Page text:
I’m sure the term ‘editorial calendar’ is not German to you. Newspapers and magazines have long been planning out their publishing around an editorial calendar, which drives organization, consistency and relevance. But let’s think of this tool in terms of content marketing. Aren’t content marketers also publishers? Don’t they need to use editorial calendars too? Yes, they do. Even though using an editorial calendar is critical to content marketing success, there are very few businesses who use it.
The thought of incorporating an editorial calendar into your content marketing strategy should never make you feel panicky, because it’s not a truckload of work. Nor does it cost you an arm and a leg.
What it simply translates to is – ‘a publishing plan’.
A content editorial calendar allows you to plan ahead of time, as to what content goes live where and when. At least, one month in advance. It allows you to steer your content efforts in the right direction. Since it gives you adequate time to document your creative ideas as they flash across the screen of your mind, it also helps you forefend the problem of writer’s block. It’s just the perfect tool to ensure your long-term content strategy sees the light of the day so that you can pull in, convert and retain more customers.
Simple vs Detailed
Let’s assume you have a blog and you want to create a content editorial calendar for the same. How do you get started? What information should you track? Actually, the type of editorial calendar you should use depends on the kind of content you plan to create and the things or data you would like to track, in regard to the specific requirements of your company.
If you only want to track the content topics and dates, you’ll need to use a simple editorial calendar. On the other hand, a detailed one may contain multiple fields including –
SEO Meta data
Call to actions
A detailed content editorial calendar is a lot more than just publishing schedule. It doesn’t only enable you to keep track of the ‘what’, the ‘when’ and the ‘where’ of content publishing, but also the ‘how’. It means you’ll also be tracking whether the content that goes live on your blog is appropriately optimized for the most important search keywords, along with other critical elements associated with your ultimate content and business goals.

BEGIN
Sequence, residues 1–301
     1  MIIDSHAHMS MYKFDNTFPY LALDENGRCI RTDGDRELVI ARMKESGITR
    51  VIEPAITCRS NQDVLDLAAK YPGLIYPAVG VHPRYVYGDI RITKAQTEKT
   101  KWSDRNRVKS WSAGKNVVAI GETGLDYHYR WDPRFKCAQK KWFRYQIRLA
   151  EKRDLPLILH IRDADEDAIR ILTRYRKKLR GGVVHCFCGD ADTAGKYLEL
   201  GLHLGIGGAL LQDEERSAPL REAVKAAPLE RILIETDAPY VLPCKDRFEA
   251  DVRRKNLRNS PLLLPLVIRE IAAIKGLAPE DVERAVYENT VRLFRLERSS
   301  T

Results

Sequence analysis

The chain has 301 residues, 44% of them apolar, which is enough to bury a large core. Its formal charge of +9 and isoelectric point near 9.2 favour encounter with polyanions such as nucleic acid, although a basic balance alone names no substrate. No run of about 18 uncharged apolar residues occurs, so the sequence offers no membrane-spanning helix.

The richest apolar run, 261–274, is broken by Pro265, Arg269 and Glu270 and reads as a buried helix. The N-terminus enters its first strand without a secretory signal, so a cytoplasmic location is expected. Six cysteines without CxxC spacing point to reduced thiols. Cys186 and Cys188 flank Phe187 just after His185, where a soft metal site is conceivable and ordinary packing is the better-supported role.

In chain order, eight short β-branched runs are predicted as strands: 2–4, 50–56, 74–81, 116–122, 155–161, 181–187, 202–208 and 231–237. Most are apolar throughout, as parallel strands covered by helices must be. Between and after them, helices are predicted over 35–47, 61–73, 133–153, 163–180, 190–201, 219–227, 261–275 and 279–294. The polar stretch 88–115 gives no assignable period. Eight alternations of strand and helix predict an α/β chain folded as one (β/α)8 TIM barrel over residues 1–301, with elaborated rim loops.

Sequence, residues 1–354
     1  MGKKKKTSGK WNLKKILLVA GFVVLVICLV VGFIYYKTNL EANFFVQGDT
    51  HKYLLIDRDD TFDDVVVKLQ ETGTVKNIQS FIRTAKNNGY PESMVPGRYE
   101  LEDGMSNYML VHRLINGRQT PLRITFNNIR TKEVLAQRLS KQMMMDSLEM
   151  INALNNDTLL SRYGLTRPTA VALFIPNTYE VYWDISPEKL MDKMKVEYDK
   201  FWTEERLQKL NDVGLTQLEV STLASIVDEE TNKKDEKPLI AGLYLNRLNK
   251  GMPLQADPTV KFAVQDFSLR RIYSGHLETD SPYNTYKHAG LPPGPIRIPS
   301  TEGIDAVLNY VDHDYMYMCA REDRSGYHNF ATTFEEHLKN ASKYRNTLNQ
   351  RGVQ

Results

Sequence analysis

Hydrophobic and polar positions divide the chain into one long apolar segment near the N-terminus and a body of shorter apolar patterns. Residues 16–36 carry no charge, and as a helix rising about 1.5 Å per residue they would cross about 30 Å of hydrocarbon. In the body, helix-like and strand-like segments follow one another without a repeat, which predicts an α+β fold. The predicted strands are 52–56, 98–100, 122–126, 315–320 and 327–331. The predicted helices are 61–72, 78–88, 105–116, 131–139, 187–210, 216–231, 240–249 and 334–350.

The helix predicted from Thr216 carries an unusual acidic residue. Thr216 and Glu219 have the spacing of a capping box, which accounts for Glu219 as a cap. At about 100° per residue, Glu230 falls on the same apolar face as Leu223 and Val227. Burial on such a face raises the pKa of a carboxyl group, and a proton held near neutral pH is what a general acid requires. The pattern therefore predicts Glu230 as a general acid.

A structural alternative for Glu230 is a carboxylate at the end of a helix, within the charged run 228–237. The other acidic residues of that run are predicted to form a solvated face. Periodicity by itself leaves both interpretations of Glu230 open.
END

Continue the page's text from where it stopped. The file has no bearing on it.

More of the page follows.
For large corporations or businesses that remain engaged in a multitude of content marketing activities, having just one editorial calendar may not suffice. In that case, separate editorial calendars may be required for managing blog content, social media content, email newsletter content, video content, promotional content, whitepaper content etc. Depending on what suits your company best, you could either go for dedicated editorial calendars for each of these content publishing activities or you could also create multiple tabs for each one of them in one single master content editorial calendar.
Tools You Can Use (Free & Paid)
For small companies or start-ups, Microsoft Excel is the simplest solution to create content editorial calendars. If you plan to use a free tool which makes collaboration within a team more effective, you should decide to use Google Calendar. While both the aforementioned tools cost you nothing, there are paid solutions available out there as well. For social media content editorial calendars, HootSuite is a nice option. CoSchedule, on the other hand, is a preferred choice for creating blog content editorial calendars. You can use this tool either as a stand-alone application or as a WP plugin.
Whether you’re about to work out a new content strategy soon or already engaged in one, it’s easy to get started with a content editorial calendar at any stage. If you plan to maximize the results of your content marketing efforts while creating a great reference for your bosses or managers, you can never say ‘No’ to maintaining a content editorial calendar.
Please don’t hesitate to leave a comment.